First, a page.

MoD faces claims of “poor value for money” purchasing

15 October 2010

16 October, 2010 | Angeline Albert

Purchasing decisions at the UK’s Ministry for Defence (MoD)  are ‘poor value for money’ according to the National Audit Office.

In the report, the NAO criticized the decision to put off spending on equipment to balance books.

“Central departmental decisions were taken to balance the defence budget which had the effect of driving very significant additional cost and delay into the equipment programme; this represents poor value for money for the taxpayer," said Amyas Morse, head of the NAO.

The forecast cost of the MoD’s 15 largest projects for 2009/10 is £67.1 billion, but the cost of these projects has increased by £3.3 billion.

“The reasons for the cost increase illustrate both the causes and effects of the department’s inability to manage its budget effectively and represent poor value for money for the taxpayer,” said the report.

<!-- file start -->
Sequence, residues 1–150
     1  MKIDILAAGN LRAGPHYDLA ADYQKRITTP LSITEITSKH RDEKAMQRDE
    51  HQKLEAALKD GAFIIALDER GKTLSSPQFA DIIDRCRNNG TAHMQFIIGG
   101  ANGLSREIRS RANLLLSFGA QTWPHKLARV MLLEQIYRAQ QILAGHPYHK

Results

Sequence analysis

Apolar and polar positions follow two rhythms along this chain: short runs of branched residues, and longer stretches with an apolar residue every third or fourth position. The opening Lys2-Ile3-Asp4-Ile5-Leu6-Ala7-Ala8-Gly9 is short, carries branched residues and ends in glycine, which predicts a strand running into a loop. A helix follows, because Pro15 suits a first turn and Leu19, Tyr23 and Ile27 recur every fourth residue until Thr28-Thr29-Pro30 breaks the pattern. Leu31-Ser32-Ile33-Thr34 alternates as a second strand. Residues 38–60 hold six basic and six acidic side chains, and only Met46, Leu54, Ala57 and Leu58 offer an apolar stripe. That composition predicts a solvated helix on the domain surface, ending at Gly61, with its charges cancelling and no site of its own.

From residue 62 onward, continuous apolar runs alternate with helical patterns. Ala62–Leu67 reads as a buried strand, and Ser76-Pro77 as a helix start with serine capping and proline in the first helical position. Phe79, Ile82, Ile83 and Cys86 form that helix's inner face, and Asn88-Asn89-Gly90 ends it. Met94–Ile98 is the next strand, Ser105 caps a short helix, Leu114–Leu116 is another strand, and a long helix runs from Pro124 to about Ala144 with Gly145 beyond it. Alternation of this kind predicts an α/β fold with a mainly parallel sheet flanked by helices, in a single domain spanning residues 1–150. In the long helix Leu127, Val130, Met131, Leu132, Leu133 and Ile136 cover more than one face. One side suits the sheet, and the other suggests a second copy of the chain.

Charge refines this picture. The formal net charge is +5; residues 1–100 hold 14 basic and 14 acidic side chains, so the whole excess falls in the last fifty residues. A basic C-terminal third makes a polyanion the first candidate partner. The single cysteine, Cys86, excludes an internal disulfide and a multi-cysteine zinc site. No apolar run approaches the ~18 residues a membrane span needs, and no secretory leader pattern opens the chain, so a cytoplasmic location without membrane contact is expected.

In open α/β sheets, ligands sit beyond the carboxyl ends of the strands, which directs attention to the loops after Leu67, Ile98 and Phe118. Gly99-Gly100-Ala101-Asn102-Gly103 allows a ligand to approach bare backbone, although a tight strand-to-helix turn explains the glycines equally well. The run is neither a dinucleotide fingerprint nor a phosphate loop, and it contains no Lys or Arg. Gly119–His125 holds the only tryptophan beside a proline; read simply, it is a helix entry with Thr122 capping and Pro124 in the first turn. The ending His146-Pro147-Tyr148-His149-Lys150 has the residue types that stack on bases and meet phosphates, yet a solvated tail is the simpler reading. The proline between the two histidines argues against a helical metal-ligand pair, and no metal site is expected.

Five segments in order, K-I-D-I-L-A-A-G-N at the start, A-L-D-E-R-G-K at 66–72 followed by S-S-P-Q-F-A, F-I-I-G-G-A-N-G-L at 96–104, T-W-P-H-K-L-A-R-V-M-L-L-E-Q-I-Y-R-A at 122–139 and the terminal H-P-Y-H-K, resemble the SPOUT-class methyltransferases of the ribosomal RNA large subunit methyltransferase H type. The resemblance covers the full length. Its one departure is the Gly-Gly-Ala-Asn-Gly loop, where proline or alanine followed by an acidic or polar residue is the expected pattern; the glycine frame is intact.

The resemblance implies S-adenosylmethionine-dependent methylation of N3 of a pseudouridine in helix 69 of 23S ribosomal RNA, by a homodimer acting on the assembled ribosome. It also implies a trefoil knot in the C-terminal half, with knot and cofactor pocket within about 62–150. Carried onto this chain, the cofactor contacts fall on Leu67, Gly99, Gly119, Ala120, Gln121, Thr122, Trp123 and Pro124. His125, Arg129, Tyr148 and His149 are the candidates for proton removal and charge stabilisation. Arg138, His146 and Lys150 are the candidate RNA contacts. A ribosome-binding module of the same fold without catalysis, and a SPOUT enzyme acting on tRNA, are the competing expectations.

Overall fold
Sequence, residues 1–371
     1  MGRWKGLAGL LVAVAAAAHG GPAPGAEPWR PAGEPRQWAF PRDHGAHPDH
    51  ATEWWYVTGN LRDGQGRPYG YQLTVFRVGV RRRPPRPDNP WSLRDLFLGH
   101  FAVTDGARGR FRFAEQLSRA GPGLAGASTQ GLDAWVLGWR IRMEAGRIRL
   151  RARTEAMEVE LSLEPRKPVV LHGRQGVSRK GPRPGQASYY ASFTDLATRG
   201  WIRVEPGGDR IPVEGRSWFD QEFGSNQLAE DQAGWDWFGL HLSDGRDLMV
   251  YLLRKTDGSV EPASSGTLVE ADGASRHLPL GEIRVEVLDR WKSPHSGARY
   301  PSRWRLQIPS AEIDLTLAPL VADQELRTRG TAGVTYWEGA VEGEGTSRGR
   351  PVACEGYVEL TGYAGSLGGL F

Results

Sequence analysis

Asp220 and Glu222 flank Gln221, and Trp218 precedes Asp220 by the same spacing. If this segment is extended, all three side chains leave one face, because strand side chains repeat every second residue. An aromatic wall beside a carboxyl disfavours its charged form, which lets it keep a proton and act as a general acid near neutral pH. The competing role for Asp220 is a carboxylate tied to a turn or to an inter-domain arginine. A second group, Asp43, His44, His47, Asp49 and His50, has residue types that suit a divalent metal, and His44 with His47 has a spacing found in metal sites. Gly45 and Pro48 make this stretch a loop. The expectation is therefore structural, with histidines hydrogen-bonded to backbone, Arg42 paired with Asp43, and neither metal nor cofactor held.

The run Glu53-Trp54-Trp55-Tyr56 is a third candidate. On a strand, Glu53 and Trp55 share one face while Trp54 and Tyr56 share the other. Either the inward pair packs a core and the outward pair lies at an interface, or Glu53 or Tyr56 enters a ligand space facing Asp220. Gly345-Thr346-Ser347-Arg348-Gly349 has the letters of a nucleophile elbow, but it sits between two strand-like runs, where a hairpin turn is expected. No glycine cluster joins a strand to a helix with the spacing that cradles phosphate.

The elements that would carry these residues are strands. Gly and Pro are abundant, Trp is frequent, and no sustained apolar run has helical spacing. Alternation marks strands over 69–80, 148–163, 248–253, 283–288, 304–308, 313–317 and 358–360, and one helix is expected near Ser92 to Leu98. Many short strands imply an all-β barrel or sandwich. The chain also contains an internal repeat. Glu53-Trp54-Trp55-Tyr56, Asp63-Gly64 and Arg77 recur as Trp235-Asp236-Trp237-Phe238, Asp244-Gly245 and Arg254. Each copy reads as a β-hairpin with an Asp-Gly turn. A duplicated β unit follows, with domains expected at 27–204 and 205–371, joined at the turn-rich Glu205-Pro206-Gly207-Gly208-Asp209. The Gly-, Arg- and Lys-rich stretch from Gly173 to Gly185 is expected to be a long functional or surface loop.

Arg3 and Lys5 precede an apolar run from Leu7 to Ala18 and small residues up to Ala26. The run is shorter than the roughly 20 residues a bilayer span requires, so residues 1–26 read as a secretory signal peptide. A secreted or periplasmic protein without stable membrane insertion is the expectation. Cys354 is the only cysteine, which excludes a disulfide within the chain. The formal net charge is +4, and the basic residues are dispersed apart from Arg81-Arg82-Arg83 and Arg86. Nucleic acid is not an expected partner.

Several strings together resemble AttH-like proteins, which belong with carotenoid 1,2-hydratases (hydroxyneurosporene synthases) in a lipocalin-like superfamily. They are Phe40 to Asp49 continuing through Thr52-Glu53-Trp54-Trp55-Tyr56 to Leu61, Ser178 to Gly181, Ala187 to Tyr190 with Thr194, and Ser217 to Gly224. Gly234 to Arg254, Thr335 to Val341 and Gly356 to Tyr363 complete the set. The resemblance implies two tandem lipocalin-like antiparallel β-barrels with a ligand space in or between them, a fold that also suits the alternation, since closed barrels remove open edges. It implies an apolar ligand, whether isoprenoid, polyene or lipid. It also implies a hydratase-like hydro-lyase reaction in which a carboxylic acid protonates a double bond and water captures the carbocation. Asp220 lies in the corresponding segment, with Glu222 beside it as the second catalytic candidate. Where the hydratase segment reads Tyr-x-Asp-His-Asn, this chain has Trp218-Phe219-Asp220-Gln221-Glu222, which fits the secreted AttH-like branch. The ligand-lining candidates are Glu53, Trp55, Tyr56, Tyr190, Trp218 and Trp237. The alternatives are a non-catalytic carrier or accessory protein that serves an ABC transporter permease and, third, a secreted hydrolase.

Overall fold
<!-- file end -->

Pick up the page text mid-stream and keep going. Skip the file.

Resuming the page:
Another MoD decision to reduce the number of support vehicles bought by 1,303, because a change in operational requirements, increased the unit costs incurred.

As a result of the MoD’s decision to reduce the number of Nimrod MRA4 reconnaissance aircraft purchased from 21 to nine, the unit cost is now three times the figure that was expected when the investment decision was made.

The NAO’s report said: “Perpetuating the cycle of over-committed plans, short-term cuts and re-profiling of expenditure would mean the continuation of poor value for money for the taxpayer on the projects affected and a reduction in the funds available to support front-line activities.”

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